In low light, close-ups and landscapes appear hazy, with poor detail and colours. Autofocus speeds also dip drastically, forcing you to remain stationary for at least a second or two till the camera focuses and saves each shot. Video recording goes up to 1080p but there’s no electronic stabilisation, which results in shaky footage. The front camera isn’t too bad under good lighting but details are quite soft.
Battery life is good, and we managed to get an entire day's worth of usage. In our video loop test, we got 12 hours and 12 minutes of continuous HD video playback. However, charging is quite slow. With the included charger, we had to wait almost three hours for the battery to charge fully.
InFocus has been very ambitious with the Vision 3, trying to cram in a lot of desirable features for very little money, but not all of it comes together correctly in the end. Its battery life and large display are its main selling points, so if you've been waiting for a stylish phone in the sub-Rs. 10,000 segment, then this is worth considering. Everything else is exactly what you'd expect from a budget smartphone. The cameras can give you okay shots in an ideal scenario, but are more often underwhelming. System performance is quite average, the fingerprint sensor doesn't wake the screen fast enough, and the phone gets warm rather quickly when gaming.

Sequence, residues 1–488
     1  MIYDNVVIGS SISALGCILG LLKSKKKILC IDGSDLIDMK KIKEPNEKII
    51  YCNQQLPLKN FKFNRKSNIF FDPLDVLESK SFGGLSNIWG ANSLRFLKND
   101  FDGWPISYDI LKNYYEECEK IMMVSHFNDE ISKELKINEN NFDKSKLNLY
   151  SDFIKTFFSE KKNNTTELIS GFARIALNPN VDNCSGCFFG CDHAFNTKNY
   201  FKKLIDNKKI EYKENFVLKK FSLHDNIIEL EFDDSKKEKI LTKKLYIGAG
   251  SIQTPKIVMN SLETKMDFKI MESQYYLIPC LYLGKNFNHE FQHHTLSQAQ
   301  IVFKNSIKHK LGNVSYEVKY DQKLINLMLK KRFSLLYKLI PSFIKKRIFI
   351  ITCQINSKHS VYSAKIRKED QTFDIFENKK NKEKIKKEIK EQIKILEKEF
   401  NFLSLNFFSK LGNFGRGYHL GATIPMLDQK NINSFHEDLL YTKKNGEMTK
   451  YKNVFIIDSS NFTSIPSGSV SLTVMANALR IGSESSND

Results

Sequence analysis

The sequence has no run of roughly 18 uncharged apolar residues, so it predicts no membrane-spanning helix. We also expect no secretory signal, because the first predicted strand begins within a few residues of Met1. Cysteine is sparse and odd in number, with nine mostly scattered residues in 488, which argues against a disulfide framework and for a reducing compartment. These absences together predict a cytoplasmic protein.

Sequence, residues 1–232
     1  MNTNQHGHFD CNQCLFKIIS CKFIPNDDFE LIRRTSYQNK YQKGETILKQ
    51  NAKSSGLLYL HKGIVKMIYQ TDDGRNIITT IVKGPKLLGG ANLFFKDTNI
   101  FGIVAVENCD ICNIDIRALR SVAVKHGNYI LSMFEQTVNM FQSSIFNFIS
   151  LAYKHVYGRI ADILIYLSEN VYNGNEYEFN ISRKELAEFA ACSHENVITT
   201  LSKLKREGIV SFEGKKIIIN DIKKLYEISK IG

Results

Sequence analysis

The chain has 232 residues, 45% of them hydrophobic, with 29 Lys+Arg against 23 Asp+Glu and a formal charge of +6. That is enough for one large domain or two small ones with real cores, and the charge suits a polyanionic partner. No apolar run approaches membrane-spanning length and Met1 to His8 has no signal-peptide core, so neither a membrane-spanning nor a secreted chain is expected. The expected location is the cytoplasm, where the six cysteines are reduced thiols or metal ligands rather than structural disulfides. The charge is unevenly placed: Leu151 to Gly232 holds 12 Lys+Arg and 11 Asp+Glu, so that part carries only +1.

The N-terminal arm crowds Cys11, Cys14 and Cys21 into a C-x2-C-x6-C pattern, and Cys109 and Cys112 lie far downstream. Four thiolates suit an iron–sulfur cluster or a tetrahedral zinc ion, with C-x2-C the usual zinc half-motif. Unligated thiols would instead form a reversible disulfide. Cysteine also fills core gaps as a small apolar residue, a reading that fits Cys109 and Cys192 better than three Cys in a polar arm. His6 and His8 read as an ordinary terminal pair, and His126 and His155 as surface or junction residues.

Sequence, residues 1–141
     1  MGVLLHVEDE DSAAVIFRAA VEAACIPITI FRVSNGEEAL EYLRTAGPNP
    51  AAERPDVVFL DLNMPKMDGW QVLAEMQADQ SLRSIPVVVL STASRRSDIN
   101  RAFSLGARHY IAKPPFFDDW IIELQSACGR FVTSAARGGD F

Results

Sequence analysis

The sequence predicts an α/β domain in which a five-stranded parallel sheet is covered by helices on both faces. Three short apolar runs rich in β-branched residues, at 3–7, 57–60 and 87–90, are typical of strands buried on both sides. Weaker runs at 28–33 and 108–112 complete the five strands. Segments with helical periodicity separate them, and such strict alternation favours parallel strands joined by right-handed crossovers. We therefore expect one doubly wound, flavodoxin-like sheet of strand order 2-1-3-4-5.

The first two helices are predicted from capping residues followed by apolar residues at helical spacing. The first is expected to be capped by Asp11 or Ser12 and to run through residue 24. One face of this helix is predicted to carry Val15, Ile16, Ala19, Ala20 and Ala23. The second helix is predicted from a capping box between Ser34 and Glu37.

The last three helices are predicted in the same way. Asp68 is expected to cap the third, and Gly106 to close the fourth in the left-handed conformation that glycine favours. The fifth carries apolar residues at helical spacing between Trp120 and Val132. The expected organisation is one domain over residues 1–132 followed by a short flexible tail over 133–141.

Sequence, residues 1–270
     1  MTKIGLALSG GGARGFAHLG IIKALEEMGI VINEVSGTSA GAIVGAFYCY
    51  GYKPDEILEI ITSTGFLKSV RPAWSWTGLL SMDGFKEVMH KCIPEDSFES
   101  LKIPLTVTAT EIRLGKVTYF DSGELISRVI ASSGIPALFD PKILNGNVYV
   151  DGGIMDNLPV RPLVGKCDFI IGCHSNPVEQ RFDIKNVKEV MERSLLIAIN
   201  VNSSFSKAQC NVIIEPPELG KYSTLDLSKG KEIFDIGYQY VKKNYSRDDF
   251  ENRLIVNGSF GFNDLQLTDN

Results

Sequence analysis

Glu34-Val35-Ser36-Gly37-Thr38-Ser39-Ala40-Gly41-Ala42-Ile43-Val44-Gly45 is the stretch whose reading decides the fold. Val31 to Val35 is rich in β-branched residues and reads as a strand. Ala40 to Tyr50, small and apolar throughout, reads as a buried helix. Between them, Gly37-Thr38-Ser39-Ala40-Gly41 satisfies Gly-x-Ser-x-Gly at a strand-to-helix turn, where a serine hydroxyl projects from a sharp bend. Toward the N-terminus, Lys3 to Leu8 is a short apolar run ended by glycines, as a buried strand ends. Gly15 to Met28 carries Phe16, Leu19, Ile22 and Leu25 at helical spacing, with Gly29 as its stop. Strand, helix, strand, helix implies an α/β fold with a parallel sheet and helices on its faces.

If you're not in any hurry, we'd recommend holding off on your purchase for a bit as the budget segment will soon be getting a flood of new 18:9 smartphones. Xiaomi has already launched the Redmi 5 in China, and it should sell for well under Rs. 10,000 when it launches here.